The work of district nurses: first assessment visits
Article first published online: 11 DEC 2002
Journal of Advanced Nursing
Volume 40, Issue 6, pages 710–720, December 2002
How to Cite
Kennedy, C. M. (2002), The work of district nurses: first assessment visits. Journal of Advanced Nursing, 40: 710–720. doi: 10.1046/j.1365-2648.2002.02430.x
- Issue published online: 11 DEC 2002
- Article first published online: 11 DEC 2002
- Submitted for publication 26 June 2002 Accepted for publication 25 September 2002
- ethnographic research;
- district nursing;
- knowing in practice
Background. District nurses are the largest group of community nurses in the United Kingdom and overall responsibility for assessing and planning how patients' and families' needs are met remains an essential element of their role.
Aim. To explore the nature of the knowledge required by district nurses to carry out first assessment visits and the relationship of this to the decisions they make.
Methods. An ethnographic design was used. The sample was 11 district nurses and the principal data collection methods were participant observation and two semi-structured interviews. The first interview, which took place immediately after the visit, was designed to explore general areas in relation to assessment and particular issues from the visit (phase 1). Following analysis of the phase 1 interview and fieldnote data, questions for the second interview were generated to facilitate further exploration and clarification of important issues that had arisen (phase 2). The second interviews were conducted approximately 1 year later and data were collected during 1997 and 1998.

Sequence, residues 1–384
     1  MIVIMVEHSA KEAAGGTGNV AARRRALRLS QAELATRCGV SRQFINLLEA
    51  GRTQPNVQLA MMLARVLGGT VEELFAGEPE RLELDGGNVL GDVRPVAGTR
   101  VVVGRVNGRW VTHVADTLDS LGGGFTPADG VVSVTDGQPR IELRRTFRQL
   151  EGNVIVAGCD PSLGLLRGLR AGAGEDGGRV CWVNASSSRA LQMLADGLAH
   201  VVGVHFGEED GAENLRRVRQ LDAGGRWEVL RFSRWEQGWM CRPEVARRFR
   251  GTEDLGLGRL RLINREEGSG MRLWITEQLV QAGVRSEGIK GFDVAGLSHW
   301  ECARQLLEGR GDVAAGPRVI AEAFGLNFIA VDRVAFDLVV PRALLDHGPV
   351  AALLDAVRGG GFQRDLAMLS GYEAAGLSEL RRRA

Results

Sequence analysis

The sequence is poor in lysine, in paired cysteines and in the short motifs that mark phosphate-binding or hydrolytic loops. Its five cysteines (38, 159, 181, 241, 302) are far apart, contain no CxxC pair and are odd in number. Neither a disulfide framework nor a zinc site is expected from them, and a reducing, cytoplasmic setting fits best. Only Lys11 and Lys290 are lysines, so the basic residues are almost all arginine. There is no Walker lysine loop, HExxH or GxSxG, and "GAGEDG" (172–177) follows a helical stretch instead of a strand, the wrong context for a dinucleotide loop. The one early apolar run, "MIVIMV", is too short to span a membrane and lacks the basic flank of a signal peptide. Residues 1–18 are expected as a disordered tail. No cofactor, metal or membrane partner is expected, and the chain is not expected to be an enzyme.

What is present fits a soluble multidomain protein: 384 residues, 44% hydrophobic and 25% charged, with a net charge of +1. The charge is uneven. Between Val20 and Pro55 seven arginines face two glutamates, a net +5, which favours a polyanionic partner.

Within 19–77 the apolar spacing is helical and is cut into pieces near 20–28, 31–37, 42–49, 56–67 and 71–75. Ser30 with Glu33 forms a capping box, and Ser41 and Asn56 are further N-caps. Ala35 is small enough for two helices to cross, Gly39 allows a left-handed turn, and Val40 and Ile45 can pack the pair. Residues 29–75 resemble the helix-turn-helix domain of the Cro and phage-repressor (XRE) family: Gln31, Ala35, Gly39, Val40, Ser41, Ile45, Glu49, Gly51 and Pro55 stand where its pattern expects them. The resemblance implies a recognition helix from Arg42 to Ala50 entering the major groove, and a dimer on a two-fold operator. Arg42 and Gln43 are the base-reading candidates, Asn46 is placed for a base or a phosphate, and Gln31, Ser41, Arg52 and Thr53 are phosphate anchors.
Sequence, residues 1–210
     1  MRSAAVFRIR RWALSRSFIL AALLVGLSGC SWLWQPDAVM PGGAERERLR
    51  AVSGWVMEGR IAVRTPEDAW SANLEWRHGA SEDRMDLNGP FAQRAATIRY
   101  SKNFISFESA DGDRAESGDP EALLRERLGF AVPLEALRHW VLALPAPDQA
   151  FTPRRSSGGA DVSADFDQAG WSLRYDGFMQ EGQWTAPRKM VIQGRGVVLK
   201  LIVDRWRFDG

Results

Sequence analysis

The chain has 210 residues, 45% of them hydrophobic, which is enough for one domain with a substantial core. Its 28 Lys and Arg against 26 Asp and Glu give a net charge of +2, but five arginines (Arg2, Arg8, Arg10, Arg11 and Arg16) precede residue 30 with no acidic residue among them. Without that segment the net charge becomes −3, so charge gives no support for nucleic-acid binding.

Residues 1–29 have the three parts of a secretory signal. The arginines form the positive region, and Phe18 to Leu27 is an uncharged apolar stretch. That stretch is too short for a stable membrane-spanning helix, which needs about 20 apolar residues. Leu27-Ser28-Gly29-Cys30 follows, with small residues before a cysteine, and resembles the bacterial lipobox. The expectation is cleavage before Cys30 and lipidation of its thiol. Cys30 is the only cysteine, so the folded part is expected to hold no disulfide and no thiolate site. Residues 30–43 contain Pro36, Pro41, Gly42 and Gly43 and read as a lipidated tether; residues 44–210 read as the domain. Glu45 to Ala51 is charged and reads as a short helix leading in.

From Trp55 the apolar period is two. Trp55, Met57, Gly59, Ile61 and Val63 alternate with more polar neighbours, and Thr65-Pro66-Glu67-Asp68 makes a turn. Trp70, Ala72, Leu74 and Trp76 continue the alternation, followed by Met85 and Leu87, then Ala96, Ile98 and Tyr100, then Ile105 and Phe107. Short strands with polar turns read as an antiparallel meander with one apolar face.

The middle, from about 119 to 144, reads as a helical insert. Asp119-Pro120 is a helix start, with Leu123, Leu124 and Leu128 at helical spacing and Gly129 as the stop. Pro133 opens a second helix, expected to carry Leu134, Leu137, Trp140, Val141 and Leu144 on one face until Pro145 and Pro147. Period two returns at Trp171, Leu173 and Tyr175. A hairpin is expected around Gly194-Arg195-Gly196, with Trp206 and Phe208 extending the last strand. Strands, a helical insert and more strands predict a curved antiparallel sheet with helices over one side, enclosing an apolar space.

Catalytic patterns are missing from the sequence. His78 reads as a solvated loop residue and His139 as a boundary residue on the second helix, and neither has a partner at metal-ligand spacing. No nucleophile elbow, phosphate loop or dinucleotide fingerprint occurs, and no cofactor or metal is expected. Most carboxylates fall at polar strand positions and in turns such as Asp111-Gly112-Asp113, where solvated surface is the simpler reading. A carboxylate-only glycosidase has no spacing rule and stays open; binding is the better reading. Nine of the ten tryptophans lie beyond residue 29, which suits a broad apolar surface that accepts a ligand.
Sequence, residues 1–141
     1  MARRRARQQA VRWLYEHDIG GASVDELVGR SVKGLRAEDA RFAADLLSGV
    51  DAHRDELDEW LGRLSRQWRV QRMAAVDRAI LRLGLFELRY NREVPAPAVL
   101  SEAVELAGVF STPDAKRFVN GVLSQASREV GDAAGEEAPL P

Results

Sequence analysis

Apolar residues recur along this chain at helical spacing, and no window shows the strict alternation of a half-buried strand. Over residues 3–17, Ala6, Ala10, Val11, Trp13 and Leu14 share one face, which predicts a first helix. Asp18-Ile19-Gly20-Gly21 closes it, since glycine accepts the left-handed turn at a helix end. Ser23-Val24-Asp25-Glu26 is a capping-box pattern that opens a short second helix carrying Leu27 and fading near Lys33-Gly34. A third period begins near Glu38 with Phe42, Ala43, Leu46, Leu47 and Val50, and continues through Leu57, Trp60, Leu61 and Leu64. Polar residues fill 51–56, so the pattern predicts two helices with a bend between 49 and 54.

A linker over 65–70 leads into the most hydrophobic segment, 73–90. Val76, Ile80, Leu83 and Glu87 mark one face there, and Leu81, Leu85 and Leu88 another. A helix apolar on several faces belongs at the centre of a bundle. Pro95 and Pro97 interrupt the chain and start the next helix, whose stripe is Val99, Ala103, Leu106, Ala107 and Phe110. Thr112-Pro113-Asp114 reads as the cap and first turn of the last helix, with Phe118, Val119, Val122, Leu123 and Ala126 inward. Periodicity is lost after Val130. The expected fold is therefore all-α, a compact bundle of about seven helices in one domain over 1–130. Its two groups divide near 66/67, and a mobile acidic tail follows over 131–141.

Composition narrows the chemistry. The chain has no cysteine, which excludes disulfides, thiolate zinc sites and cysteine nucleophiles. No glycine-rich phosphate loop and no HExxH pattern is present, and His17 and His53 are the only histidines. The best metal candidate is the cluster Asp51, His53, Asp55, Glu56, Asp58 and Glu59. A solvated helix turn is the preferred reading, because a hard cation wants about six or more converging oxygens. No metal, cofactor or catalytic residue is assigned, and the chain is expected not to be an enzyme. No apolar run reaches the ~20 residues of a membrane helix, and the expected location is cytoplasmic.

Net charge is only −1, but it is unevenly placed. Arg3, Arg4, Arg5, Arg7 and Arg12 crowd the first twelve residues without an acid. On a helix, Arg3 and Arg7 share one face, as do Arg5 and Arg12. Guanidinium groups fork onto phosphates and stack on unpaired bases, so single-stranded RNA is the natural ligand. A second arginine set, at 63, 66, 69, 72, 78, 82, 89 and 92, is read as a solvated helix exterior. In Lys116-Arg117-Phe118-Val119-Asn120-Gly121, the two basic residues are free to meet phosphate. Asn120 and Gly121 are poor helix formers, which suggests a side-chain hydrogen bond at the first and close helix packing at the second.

Findings. The findings revealed a breadth and depth of community nursing knowledge that seemed to incorporate an amalgam of theoretical (knowing that) with practice-based (knowing how) knowledge. The findings depict the range and scope of knowledge in use by district nurses and reflexive character of the assessment process, and challenge the use of theoretical models that remove knowledge from the context in which district nurse–patient interactions take place.
Conclusion. The information search in assessment was paced to cope with the uncertainty that existed in many of the complex multifaceted situations encountered by the district nurses. Understanding assessment as a paced process was linked to making the best judgement at the time of the visit.